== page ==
There is a global cyberattack in progress. Early indications are that it’s a variant of Petya malware, described by the Internet Storm Center here. The current attack has already affected computers throughout the Heritage Valley Health System in Pennsylvania, as well as disrupting Merck’s computer network.
This attack is similar in some ways to last month's WannaCry ransomware attack, which disproportionately affected older Windows XP machines but had its greatest impact on far-more-numerous Windows 7 computers that were not up to date on security patches. The WannaCry attack crippled systems at prominent sites including FedEx, the UK National Health Service and Telefonica in Spain.
To date, these attacks have had limited impact on our systems; in part this is because of our diligent IT security practices. We actively update our computers from the server rooms to our desktops and laptops, and our IT support teams (like MNet, Bayview IT and IT@JH) share a set of institutional standards that include restricting user privileges over “administrative” functions (such as installing software) unless clearly justified. The latter is key to stemming the spread of computer worms, which often require “administrator” privileges to infected connected computers on the same network.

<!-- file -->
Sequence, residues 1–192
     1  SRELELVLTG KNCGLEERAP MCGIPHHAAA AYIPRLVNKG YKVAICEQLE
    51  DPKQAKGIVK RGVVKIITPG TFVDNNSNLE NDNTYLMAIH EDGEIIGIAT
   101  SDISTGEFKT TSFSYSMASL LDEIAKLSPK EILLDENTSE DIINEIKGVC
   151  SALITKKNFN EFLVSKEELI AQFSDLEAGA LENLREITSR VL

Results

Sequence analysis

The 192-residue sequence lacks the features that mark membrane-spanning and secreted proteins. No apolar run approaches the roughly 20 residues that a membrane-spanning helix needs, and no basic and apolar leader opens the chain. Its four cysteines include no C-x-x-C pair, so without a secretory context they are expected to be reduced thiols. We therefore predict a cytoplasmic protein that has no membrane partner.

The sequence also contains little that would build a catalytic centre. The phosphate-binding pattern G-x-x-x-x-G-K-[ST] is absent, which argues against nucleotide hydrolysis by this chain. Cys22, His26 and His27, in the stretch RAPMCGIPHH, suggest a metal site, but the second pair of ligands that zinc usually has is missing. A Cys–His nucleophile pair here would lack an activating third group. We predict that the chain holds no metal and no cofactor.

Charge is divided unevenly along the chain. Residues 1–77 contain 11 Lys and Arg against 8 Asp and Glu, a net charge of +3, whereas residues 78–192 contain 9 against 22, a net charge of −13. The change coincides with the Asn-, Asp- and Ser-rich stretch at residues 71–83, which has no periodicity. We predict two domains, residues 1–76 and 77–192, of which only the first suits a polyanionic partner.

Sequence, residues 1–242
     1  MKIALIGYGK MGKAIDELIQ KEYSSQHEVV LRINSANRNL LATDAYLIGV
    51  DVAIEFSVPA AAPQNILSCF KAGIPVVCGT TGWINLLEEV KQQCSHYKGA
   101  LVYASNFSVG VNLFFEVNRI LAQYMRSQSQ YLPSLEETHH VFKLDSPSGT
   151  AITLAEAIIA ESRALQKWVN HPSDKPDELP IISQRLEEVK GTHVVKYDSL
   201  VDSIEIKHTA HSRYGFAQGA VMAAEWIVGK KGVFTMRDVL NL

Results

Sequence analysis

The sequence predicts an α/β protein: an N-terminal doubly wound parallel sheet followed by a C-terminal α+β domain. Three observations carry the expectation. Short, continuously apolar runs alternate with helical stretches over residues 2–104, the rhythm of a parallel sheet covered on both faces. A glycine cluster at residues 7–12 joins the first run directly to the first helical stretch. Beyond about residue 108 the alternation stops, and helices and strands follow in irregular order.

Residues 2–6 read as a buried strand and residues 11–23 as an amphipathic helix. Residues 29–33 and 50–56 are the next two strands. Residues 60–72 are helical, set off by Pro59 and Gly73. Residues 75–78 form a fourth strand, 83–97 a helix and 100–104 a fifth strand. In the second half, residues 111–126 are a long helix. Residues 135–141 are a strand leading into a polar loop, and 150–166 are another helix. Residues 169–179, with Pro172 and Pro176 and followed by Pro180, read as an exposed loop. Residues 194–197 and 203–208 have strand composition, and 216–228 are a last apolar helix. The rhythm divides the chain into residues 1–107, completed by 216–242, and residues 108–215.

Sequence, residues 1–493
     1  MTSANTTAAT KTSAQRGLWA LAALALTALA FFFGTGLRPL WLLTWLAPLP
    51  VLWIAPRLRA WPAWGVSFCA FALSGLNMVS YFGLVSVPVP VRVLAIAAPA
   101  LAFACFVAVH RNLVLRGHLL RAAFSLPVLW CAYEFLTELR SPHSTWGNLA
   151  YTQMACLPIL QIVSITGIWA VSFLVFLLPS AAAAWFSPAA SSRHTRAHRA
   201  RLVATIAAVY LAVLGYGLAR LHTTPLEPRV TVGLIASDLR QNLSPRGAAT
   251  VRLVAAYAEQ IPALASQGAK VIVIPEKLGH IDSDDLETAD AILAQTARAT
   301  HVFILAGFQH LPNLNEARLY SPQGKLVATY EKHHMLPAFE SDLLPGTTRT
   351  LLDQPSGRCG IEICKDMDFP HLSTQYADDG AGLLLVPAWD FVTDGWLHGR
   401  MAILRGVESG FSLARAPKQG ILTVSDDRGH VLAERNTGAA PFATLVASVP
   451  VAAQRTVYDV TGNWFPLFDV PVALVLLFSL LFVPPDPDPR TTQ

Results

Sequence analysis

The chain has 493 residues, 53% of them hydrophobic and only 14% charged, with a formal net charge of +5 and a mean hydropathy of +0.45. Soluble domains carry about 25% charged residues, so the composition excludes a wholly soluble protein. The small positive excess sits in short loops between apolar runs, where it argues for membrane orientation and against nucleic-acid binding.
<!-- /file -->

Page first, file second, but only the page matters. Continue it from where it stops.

Please be vigilant for strange or unexpected email messages, avoid entering your JHED credentials unless you see that the website’s name ends in “johnshopkins.edu” or “jh.edu” and be very cautious about clicking links in emails (as you hover over links, be wary if the target URL is unfamiliar). Up-to-date software patches and antivirus software are important tools, but an unsuspecting user clicking the wrong link can have cascading effects.
-Stuart Ray, Vice Chair for Data Integrity & Analytics